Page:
Page 3655


On the 23d of June, with forces estimated

at seventy to eighty thousand men, the

Germans made a supreme effort to beat

down resistance. The orders were to

stop for nothing and to take the last of

the French positions. The great wave

of assailants captured Thiaumont and a

few other positions but elsewhere were

hurled back with frightful losses. The

French retook the Thiaumont works on

the 28th, lost them again the

next day, retook them once

more, lost them again. On

the 12th of July, the Germans

managed to reach the roads

to Fleury and Vaux, and, a

few days later, captured a position within a thousand yards

of Fort Souville,the French

key position, but they were

still three miles from Verdun,

and events elsewhere rendered

it imperative for them to

weaken their forces and cease

their efforts.

The conflict thus brought

to an end had been the most

stupendous ever fought. Hundreds of thousands on either

side had been killed or

wounded, while the bombardments had far exceeded in

intensity anything ever before

known. ''They shall not

pass!" had been the watchword of the French defenders,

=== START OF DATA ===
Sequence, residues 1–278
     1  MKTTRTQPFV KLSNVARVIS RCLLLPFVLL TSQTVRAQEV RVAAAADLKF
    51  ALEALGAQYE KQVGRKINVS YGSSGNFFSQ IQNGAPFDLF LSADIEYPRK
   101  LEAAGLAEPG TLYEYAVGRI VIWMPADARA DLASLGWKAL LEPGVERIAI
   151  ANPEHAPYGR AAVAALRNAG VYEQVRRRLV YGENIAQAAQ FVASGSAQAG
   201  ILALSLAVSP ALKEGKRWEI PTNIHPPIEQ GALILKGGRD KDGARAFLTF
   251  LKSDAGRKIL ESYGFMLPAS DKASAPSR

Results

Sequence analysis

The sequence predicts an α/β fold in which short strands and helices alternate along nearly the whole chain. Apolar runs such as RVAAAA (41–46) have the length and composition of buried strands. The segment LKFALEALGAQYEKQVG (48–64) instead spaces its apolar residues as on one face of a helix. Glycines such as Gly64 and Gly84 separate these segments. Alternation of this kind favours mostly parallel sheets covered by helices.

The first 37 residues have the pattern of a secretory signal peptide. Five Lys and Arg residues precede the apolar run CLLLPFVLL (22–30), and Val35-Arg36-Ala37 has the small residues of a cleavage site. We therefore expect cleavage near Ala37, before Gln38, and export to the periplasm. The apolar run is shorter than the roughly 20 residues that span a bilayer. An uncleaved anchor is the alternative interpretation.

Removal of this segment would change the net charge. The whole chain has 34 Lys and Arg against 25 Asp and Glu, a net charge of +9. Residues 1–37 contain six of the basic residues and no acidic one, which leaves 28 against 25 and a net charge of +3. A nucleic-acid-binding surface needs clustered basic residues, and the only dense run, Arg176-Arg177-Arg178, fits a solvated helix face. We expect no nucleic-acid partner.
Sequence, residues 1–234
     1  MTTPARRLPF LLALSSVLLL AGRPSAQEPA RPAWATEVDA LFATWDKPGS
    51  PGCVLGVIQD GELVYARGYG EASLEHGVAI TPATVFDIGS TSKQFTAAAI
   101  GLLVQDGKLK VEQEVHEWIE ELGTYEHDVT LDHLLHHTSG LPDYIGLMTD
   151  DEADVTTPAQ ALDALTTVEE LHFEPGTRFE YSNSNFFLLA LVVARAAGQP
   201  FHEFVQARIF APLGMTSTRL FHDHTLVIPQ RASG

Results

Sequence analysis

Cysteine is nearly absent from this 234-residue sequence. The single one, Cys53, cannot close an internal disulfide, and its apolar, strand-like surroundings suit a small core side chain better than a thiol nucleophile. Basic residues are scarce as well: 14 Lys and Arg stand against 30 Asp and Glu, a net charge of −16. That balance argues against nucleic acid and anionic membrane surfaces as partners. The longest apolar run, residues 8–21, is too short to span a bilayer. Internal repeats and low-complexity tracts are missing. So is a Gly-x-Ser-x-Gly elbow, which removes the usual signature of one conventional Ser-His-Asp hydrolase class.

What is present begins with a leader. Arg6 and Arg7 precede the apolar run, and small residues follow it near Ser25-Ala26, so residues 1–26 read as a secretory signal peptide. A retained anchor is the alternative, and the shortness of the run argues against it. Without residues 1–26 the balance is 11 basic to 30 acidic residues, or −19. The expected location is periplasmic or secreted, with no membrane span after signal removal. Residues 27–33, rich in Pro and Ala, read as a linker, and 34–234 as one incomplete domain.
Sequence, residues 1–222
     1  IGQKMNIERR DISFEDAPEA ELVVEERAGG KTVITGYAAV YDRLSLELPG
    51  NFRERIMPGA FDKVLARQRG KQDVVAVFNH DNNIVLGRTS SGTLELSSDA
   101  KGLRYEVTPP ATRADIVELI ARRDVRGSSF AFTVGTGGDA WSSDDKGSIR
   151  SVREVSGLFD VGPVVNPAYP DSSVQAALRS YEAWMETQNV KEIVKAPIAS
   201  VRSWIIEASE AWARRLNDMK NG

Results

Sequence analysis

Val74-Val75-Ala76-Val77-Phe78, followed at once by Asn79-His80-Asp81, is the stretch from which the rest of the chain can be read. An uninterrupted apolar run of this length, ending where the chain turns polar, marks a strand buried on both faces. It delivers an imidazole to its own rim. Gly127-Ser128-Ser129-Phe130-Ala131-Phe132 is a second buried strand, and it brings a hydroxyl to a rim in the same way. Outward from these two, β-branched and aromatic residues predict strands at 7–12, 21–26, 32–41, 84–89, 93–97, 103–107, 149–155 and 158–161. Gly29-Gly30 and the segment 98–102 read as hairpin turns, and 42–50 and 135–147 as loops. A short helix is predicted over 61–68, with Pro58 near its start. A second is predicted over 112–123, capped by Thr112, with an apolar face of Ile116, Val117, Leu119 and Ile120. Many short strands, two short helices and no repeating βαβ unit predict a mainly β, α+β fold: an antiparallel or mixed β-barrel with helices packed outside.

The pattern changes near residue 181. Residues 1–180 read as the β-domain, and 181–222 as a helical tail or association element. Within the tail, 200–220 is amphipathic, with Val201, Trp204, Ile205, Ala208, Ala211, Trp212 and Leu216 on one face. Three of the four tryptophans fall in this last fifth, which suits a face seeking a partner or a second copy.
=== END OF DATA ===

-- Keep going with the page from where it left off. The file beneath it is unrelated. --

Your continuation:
and for five long and bitter

months they had foiled the

most powerful attacks ever

launched up to that time in

war. Verdun itself had been reduced to a

heap of crumbling ruins, but above it the

tricolor still waved defiant, triumphant. As

long as time shall last, the defense of Verdun will stand with Thermopylae as the last

word in supreme heroism. For months

the heart and conscience of Christendom

hoped and prayed that the ruthless invader would be turned back; the hopes were

fulfilled, the prayers were answered. The

world rang with praises of French valor,

and men in far away lands thanked God

that the land of Lafayette had risen to

heights undreamed of even in a glorious


"Once more! The land of arms and arts,

Of glory, grace, romance,

Her love lies warm in all our hearts:

God bless her! Vive la France!"

When the attack on Verdun began, the

world naturally expected the British to

do something to relieve their hard pressed

ally, and there was much criticism of

British inaction. Three courses were open

to Sir Douglas Haig, the British commander

in chief. He might send reinforcements to

Verdun, he might attack the German lines

in front of his position, or he might take

over portions of the line held by the French

and thus relieve French troops for use at

Verdun. The first course had many disadvantages, as it would have complicated the

situation around Verdun, for the presence

of two armies speaking different languages